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: ENHAkkor and ETAM, scenes of Samson's prowess, ii.

73. as another was, viz. Lehi, ib. miracle of water gushing out of the jaw explained, ib. and 88. and ib. n. Enoch, a city built by Cain, why so called, i. 109. n. ENoch born, i. 121, his singular piety and sanctity of life, 123. translated, 124. the reality of it, 185. conjectures as to the place into which he was taken, ib. his prophecy, 151. m. ib. and 152. Enquiring of God, how done, ii. 133. n. EPAPHRAs, account of him, iii. 455. n. EPAPHRoditus, secretary to Nero, assists him to kill himself, iii. 516. EphesiAN letters, what, iii. 57. and 428. n.

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second, 425. its contents, ib, firstep. to Corinthians, 429, to the Galatians, 430. 2 Corinthians, 433. to the Romans, ib. to Philemon, 454. and n. to the Philippians, ib. and n. to the Ephesians, ib, and 455. and n. to the Colossians, 455. and n. to the Hebrews, 457. and n. the first to Timothy, 462. n. to Titus, ib. n. second to Timothy, 465. and n. the first of St Peter from Babylon, iii. 429. and 461. n. the second from Rome, 464, and n. that of St James, 456. n. an St Jude's, ib. and 467. n. Equivocal generation, i. 179. m. ER and Onan punished with death, why, i. 396. Era, Chaldean, a famous one settled by Belesis, called Nabonassor's, ii. 474. m. when it began, i. 253. ERASTUs, account of him, iii. 429. n. EsARHADDoN succeeds his father Sennacherib in the kingdom of Assyria, invades Judea, puts Manasseh in irons, and carries him prisoner to Babylon, ii. 411. Esau, his birth, and import of his name, i. 342. and n. sells his birthright to his brother Jacob, ib. marries two Hittites against the consent of his parents, 345. is deprived of his father's blessing, and how, ib. his best robe, what, ib. n. complains bitterly to his father, 346. meditates revenge, ib. his birthright, what, 350, his hunger not the result of fa. mily poverty, 353. marries one of Ishmael's daughters, and settles in Mount Seir, 367. n. marches with an army to meet Jacob, ib. accepts his presents, and treats him kindly, 368. the names of his wives, ib. n. Eshtaol, its situation, ii. 71. n. Espousing, or betrothing, the manner of performing it, iii. 4. n. Essenes, their origin and tenets, ii. 644. Esther, or HApassah, who she was, ii. 586. n. upon queen Washti's divorce she is married to Ahasuerus, king ef Persia, and saves her countrymen the Jews from the ge. neral destruction which Haman designed against them, the manner of her approaching the king, 589. conjectures concerning the book of, its genuineness, and Esther vindicated, ib. 562. ETAM, a strong place in Judah to which Samson retired, ii. 73. n. Ethbaal, king of Tyre, and father of Jezebel, his name, ii. 297. n. Eunuchs, their employment in Eastern courts, ii. 350. n. and iii. 401. n. Euphrares, one of the rivers that watered the country of Eden, its course, i. 38, 39. import of the name, 38. n. Evangelist, office of, what, iii. 437. n. Evangelists, and all the other penmen of the New Testament, divinely inspired, iii. 42. obliged to omit several particulars, 83. 222. why the resurrection of Lazarus not noticed by three of them, 222. Evangelists, Matthew, Mark, and Luke reconciled in the case of the fishermen, iii. 32. n. illiterate, except Luke, though not wholly so, why, 42. n. Eve, formed, how, i. 13. and n. and 18, n. Evil, origin of, i. 69,70. “Evil spirit from the Lord,” explained, ii. 146. Evil-MERoDAcH succeeds his father Nebuchadnezzar in Babylon, ii. 489. releases Jehoiakim, king of Judah, who had been captive 37 years, and promotes him to great honours, ib. his vices make him detested, ib. is succeeded by Neriglissar his sister's husband, who was the principal person concerned in his death, ib.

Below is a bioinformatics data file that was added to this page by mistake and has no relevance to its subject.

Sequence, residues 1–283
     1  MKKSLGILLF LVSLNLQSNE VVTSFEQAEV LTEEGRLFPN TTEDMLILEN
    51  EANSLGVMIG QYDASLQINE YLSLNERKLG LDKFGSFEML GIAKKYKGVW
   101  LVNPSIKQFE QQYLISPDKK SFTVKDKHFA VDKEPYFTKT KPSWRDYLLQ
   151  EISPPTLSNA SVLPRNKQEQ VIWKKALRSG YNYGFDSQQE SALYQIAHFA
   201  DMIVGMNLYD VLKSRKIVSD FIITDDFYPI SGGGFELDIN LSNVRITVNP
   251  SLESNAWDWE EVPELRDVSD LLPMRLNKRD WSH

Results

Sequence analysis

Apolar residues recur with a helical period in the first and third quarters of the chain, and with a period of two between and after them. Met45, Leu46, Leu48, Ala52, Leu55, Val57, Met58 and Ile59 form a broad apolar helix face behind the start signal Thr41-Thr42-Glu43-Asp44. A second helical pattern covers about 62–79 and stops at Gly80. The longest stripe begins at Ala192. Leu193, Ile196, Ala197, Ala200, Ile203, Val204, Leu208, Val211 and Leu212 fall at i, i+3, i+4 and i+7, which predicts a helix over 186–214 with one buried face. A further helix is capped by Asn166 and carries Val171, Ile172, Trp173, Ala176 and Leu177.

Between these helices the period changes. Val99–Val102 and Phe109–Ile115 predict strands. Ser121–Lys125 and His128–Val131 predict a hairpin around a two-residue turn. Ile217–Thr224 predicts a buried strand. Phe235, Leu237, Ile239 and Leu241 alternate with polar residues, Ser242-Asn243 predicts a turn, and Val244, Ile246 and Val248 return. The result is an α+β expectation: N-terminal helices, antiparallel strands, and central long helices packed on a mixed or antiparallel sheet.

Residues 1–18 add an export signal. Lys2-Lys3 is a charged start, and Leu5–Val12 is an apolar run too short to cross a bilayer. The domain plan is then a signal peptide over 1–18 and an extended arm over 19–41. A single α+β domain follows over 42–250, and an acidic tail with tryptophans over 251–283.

Exorcisms, the practice of them, customary among the Jews, iii. 124. and 427. m.

Expiation, the great day of it, why instituted, and the peculiar ceremonies observed on it by the Jews, ii. 497. n.

Expiatory sacrifices, instituted, how, i. 53.